Aviation History

The End of the Airship Era: The Hindenburg Disaster

Rigid airships were developed in the early 1900s.

In Germany, Hugo Eckner was instrumental in popularizing airship travel.

In 1924, Eckner commanded the airship Los Angeles during its flight across the Atlantic Ocean.

Encouraged by the success, he was responsible for building the even bigger airship Graf Zeppelin.

In 1928, the Graf Zeppelin was the largest airship in service in the world. Source: Wikipedia

Beginning in 1928, the Graf Zeppelin regularly flew from Europe to North and South America.

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Eckner even flew the airship around the world and took it to the Arctic for a polar exploration.

In 1929, Great Britain reentered the dirigible airship industry and built the R-100 and R-101.

However, neither proved to be a success.

The R-100 got caught in a storm over the St. Lawrence Seaway during its maiden voyage to Canada.

Its pilot almost did not manage to return the airship to England.

The R-101 was scheduled to make its maiden voyage to India.

Shortly after its departure, it became clear that the device responsible for the distribution of ballast water did not work properly.

Because of this, the airship was forced to fly at a very low altitude.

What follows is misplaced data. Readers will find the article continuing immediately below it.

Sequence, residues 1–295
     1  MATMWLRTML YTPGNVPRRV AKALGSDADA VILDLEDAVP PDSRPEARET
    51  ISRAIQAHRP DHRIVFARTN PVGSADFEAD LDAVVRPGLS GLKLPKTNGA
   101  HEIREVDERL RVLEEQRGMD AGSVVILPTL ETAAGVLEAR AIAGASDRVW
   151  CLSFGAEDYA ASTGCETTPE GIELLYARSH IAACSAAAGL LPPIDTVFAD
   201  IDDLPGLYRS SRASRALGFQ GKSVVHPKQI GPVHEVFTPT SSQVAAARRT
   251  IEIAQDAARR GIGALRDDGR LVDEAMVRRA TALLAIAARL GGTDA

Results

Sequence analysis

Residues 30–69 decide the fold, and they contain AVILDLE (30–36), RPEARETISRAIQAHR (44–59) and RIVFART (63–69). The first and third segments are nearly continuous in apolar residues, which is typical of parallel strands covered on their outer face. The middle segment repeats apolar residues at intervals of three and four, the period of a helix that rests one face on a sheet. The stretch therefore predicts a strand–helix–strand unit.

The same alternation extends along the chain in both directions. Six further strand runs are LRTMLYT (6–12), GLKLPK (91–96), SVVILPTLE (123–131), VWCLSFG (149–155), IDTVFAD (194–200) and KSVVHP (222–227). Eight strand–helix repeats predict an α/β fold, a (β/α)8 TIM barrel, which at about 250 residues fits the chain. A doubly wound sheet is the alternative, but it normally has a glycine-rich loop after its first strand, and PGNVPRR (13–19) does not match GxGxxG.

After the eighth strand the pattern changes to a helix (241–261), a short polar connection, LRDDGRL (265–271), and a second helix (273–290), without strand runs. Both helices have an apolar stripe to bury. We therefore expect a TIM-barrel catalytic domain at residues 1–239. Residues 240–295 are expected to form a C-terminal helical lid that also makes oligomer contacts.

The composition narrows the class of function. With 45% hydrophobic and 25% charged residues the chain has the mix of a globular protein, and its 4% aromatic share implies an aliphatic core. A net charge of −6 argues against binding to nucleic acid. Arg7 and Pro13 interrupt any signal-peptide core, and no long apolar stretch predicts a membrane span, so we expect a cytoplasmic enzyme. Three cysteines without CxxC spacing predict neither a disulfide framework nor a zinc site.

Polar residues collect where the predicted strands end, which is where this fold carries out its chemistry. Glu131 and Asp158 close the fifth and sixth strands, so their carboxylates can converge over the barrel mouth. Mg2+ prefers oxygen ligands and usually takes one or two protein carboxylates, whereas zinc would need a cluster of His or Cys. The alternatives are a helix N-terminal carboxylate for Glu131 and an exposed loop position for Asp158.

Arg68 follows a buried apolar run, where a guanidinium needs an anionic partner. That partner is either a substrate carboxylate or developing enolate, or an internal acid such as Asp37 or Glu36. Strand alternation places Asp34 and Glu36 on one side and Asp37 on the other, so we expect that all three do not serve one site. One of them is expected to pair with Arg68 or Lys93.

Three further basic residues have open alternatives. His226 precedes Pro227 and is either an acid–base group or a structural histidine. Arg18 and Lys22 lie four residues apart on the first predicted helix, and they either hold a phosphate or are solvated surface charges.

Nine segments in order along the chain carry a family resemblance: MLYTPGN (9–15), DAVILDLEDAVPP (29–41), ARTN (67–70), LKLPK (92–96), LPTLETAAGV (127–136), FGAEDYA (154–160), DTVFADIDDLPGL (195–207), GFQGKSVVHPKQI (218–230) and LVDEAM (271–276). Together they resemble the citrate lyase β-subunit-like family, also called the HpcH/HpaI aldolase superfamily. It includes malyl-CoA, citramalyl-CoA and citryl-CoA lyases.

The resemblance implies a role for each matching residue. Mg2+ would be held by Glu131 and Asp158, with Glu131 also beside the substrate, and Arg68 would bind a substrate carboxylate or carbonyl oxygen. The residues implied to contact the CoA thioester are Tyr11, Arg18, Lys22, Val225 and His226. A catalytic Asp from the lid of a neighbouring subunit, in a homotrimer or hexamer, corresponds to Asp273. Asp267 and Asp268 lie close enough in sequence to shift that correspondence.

While flying over Beauvais, France, the R-101 struck a church steeple and exploded.

Its passengers were severely burned.

The British airship R-101 crashed in France after striking a church tower. Source: Wikipedia

Consequently, Britain completely scrapped its airship industry.

The accidents did not deter the Americans, however.

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The U.S. Navy ordered two airships and wanted them to be the largest ever built.

The airship ZRS-4, christened the Akron, was completed in August 1931.

It was nearly 800 feet, or 244 meters, long and had a capacity of 6.5 million cubic feet.

The plan was to use the Empire State Building as a docking station; however, tests showed this to be unfeasible.

Nevertheless, promotional materials showed the airship docked at the then-tallest building in the world.

On April 3, 1933, the Akron crashed into the Atlantic Ocean off the coast of New Jersey and quickly sank.

Seventy-seven crew members died; only three survived. They had to swim up from under the wreck to save themselves.

The Navy’s second airship, the Macon, was smaller than the Akron and but also faster.

It could travel at 85 miles, or 137 kilometers, per hour.

On February 12, 1935, the Macon crashed into the Pacific Ocean during a storm it encountered while on a practice flight.

This time, however, all but two crew members survived the crash.

While the Naval Court of Inquiry ruled that neither the Akron’s nor the Macon’s crash was caused by structural problems, Congress suspended the airship program.

No other dirigible aircraft were built in the U.S. until after World War II.

The crash of the airship Macon ended the manufacture of dirigibles in the United States. Source: Wikipedia

When Adolf Hitler took over Germany, he did not think of airships as having either commercial or military value.

Herman Göring, head of the Luftwaffe, agreed.

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Propaganda Minister Josef Goebbels began using Germany’s two existing airships, the Graf Zeppelin and the Hindenburg, for propaganda and espionage purposes.